Biden, Sanders battle over Cuba, Obama

Biden, Sanders battle over Cuba, Obama
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Sen. Bernie SandersBernie SandersSenators shed masks after CDC lifts mandate Sunrise Movement endorses Nina Turner in special election for Ohio House seat The Hill's Morning Report - Presented by Facebook - Israel-Hamas carnage worsens; Dems face SALT dilemma MORE (I-Vt.) and former Vice President Joe BidenJoe BidenBiden's quiet diplomacy under pressure as Israel-Hamas fighting intensifies Overnight Defense: Administration approves 5M arms sale to Israel | Biden backs ceasefire in call with Netanyahu | Military sexual assault reform push reaches turning point CDC mask update sparks confusion, opposition MORE traded barbs Tuesday night over Sanders's positive remarks about communist Cuba and whether former President Obama ever made similar comments.

"What I said is what Barack ObamaBarack Hussein Obama Kid reporter who interviewed Obama dies at 23 Obama shares video of him visiting Maryland vaccination site GOP votes to replace Cheney with Stefanik after backing from Trump MORE said, in terms of Cuba, that Cuba made progress on education," Sanders said at South Carolina's Democratic debate, doubling down on comments from a recent "60 Minutes" interview that drew criticism from fellow White House hopefuls.

Biden quickly interjected, saying Obama never spoke highly of Cuba's regime. The former vice president cited a town hall-style meeting Obama held in Argentina in 2016.

"He did not in any way suggest that there was anything positive about the Cuban government — acknowledge that they did increase life expectancy, but he went on to condemn the dictatorship," said Biden.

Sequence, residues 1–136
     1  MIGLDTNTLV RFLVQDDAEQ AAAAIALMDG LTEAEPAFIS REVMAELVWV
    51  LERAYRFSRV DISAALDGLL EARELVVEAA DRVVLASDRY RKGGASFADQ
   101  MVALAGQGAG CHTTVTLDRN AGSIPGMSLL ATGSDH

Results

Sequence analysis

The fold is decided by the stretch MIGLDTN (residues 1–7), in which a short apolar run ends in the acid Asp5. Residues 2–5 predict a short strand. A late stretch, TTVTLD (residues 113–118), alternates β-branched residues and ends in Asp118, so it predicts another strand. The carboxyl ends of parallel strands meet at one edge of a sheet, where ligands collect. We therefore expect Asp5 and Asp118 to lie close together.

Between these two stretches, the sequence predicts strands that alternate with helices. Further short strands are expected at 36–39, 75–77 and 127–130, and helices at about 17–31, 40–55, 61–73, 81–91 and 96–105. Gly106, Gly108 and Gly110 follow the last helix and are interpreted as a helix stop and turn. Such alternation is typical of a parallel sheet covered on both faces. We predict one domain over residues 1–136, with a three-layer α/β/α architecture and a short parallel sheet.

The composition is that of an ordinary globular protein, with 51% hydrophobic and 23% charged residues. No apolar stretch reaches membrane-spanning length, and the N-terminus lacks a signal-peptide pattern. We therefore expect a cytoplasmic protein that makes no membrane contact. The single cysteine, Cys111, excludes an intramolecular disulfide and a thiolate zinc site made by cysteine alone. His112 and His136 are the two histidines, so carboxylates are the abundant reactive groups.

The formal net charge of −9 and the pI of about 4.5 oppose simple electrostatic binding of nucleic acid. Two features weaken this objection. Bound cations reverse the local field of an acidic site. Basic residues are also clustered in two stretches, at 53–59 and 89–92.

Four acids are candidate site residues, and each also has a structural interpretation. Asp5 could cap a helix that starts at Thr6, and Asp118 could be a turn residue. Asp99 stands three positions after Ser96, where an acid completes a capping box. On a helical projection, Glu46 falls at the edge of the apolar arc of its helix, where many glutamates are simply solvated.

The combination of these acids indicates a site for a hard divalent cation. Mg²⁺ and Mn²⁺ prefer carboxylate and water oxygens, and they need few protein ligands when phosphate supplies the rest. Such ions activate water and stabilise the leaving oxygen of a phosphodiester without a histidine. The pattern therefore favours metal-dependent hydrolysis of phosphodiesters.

During the town hall meeting, Obama relayed his conversation with Raúl Castro, Cuba's president at the time: "I said, look, you've made great progress in educating young people. Every child in Cuba gets a basic education; that's a huge improvement from where it was."

"Medical care — the life expectancy of Cubans is equivalent to the United States, despite it being a very poor country, because they have access to health care. That's a huge achievement. They should be congratulated. But you drive around Havana and you say this economy is not working," Obama added.

Biden on Tuesday accused Sanders of not condemning the authoritarianism of Cuba's leaders and their regional ally, Nicaragua.

"Categorically untrue," Sanders responded. "Cuba, Nicaragua, authoritarianism of any stripe is bad. That is different than saying that governments occasionally do things that are good."